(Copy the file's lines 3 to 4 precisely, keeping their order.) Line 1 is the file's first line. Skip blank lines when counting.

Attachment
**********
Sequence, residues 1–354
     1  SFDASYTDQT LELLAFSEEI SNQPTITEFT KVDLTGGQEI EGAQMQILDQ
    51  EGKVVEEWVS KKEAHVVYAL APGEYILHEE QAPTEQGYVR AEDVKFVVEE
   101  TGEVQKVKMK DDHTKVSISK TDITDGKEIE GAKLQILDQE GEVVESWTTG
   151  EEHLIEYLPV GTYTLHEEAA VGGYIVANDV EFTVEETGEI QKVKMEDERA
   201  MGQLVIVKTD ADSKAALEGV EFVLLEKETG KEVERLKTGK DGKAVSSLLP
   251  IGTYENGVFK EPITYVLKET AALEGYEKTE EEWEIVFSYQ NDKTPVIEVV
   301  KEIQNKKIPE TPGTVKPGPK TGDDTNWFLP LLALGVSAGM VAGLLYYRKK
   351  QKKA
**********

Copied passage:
    51  EGKVVEEWVS KKEAHVVYAL APGEYILHEE QAPTEQGYVR AEDVKFVVEE
   101  TGEVQKVKMK DDHTKVSISK TDITDGKEIE GAKLQILDQE GEVVESWTTG